News has emerged that ousted Williams driver Nico Hülkenberg was offered a race seat at Virgin Racing for the 2011 season, but that his management team turned it down.
Instead, claims the German’s high-profile manager Willi Weber, the 23-year-old will secure a Friday test driver role.
Hülkenberg was sacked by Williams just eight days after securing the team’s first pole position in five years at the Brazilian Grand Prix, and he has been the subject of much speculation as to where, or if, he will find a berth for the 2011 F1 season.
“[After the announcement] we have been thinking: shall we pause for a year?” admitted Weber, who has been working hard to find his protégé a suitable role at short notice, following Williams’ decision to replace him with the well-funded Pastor Maldonado.
“But in today’s world you are too quickly forgotten. So I think it is better for Nico to still have a presence with a good team where at least he can practice on the Fridays. That is the ideal alternative for him,” Weber added.
It is widely tipped that Hülkenberg will join Force India for 2011 as its test and reserve driver, with the Vijay Mallya owned outfit set to confirm its driver line-up (tipped to be Adrian Sutil and Paul di Resta) soon.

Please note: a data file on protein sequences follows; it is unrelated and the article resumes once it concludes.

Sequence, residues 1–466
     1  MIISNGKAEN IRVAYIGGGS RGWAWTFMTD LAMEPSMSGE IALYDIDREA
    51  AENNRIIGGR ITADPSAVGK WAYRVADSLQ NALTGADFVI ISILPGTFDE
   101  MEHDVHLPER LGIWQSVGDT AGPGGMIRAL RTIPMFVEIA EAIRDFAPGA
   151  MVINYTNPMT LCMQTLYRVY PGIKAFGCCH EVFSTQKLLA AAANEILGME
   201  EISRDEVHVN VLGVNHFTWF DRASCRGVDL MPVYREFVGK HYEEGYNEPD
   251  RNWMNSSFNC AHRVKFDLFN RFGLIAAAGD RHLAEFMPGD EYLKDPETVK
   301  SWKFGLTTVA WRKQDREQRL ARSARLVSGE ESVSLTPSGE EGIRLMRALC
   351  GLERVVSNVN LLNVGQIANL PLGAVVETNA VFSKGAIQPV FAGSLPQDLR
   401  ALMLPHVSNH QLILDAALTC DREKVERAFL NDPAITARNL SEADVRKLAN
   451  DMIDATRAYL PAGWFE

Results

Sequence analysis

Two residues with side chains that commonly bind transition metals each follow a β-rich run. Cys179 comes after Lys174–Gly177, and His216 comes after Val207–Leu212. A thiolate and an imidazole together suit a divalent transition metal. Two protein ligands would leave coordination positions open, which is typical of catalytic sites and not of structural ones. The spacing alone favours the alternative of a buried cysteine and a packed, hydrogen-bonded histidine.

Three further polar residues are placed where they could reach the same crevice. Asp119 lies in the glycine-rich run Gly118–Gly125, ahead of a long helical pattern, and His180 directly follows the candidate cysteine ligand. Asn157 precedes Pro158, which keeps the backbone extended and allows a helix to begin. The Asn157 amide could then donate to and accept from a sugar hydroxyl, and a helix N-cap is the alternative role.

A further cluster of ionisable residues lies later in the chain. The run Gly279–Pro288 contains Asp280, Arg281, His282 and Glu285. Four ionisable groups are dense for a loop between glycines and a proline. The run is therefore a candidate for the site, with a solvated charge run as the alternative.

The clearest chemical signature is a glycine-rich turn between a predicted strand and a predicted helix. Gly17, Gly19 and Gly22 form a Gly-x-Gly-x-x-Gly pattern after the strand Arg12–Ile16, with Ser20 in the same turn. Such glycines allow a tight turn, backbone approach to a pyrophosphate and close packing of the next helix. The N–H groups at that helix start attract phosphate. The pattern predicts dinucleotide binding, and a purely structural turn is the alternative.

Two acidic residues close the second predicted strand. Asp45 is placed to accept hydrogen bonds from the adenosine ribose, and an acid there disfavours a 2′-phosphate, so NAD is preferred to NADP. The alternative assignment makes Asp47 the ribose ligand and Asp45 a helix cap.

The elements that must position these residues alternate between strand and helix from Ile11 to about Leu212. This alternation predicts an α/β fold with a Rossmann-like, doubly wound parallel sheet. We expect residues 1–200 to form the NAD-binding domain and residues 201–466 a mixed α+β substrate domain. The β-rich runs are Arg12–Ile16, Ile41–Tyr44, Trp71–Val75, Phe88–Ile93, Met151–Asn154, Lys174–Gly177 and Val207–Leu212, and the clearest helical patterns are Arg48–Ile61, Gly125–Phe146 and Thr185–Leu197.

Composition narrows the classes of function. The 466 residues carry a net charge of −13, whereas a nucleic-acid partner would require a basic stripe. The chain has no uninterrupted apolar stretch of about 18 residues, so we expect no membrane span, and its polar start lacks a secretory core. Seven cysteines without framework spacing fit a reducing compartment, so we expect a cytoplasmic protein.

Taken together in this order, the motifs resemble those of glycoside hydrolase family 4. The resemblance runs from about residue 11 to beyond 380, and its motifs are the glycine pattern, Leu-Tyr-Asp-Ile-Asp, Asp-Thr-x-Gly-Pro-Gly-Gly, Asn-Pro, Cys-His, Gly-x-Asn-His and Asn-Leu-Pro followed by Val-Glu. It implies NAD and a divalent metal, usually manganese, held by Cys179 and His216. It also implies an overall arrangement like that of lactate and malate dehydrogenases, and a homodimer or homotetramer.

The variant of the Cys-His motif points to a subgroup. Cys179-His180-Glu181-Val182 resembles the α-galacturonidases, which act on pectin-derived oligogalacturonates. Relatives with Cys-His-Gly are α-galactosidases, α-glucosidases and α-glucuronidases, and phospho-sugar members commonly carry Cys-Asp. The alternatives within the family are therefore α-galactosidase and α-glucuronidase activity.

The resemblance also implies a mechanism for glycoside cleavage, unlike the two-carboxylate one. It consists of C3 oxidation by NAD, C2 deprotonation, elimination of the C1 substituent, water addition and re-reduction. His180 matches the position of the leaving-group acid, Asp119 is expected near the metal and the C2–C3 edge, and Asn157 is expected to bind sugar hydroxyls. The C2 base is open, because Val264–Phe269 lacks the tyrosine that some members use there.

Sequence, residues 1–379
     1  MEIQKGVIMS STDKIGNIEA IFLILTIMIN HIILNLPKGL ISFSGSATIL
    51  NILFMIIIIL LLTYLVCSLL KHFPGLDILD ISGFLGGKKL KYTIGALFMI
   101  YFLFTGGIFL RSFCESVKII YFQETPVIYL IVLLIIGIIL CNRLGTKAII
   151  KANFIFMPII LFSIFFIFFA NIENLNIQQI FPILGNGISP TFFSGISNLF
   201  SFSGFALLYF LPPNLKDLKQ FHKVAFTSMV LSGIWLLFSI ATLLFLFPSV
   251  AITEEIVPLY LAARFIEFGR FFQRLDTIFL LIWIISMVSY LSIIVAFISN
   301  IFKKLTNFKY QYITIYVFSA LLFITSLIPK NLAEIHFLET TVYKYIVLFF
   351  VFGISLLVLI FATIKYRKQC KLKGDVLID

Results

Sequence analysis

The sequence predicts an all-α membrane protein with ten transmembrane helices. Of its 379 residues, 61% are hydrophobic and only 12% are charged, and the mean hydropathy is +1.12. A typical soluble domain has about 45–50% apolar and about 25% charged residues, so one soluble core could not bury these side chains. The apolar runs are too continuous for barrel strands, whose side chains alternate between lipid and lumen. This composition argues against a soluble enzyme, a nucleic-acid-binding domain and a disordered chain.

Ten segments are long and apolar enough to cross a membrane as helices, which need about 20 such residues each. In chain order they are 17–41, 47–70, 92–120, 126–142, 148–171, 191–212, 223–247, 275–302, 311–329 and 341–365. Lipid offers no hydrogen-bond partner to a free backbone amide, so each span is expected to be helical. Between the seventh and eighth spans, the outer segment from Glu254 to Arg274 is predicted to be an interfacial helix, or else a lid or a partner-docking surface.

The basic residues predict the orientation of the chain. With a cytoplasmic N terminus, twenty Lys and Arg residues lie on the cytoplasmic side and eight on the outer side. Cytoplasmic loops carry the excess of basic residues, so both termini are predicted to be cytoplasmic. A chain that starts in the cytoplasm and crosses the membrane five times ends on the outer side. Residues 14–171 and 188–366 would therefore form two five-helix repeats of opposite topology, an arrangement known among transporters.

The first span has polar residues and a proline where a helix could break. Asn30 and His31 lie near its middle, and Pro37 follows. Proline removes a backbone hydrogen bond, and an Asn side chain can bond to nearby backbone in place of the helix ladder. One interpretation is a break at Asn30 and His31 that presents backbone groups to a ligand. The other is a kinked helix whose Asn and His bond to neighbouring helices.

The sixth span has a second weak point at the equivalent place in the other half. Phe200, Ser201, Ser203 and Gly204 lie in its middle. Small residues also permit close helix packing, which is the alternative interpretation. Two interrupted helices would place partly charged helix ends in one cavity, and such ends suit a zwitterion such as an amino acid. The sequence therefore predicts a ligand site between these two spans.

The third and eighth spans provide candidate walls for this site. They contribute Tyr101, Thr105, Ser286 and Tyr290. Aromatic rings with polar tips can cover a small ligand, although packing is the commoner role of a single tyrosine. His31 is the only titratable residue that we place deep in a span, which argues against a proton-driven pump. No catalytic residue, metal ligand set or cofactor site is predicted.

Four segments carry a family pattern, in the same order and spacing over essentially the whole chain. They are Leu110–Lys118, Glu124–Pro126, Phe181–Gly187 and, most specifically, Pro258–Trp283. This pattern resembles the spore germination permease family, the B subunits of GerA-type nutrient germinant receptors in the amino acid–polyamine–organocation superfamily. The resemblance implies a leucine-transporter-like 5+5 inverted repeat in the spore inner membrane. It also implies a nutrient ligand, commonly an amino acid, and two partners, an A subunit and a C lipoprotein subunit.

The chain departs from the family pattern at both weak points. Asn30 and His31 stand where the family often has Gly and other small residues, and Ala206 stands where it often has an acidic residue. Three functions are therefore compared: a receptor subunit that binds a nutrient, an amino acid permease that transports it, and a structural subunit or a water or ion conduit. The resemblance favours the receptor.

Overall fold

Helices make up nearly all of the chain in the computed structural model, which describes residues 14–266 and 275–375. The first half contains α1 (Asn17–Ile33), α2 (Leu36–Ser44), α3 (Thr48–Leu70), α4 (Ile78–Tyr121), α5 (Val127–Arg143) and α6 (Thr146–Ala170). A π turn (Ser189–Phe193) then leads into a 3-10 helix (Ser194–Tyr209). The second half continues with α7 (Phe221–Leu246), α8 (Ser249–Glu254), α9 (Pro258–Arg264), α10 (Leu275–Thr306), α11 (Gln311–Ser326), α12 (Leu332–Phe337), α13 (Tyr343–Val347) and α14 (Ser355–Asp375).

But Weber has to remain tight-lipped until Force India makes its announcement, telling Auto Motor und Sport: “Before anything is said officially, I can’t say anything myself.”
Weber also revealed that an offer had been made by Virgin Racing for a race role, but that they had turned it down.
“For someone like Nico, with a season already behind him, there is little to learn from a small team,” Weber said.
“There was an offer from Virgin which was very pleasing, but with another German in Timo Glock, who has been there for a while already, the risk was too great.”
One would assume that the role came with the conditions of some sponsorship backing being provided, given that Virgin later plumped for the well-endorsed GP2 veteran Jérôme d’Ambrosio instead.
Weber is equally unhappy with the current state of affairs in Formula 1, where many teams – Renault, Sauber, Williams, Force India, Virgin and HRT – are signing drivers who bring significant sponsorship backing as part of the deal.
“F1 needs to be careful about creating a two-class society, with fourteen real drivers and ten pay-drivers. In that way, I refuse to pay for a cockpit for Nico.
“If you do it once, you will always be needing to bring money, and more and more. Very quickly, this becomes your image. Rather, I want to sell performance,” he added.
“This boy is too good to be paying to drive.”
Here’s hoping that a year on the testing sidelines sees him follow the (rumoured) trajectory of Paul di Resta, rather than the ignominy of Nick Heidfeld.
[Original image via One Man’s Blog]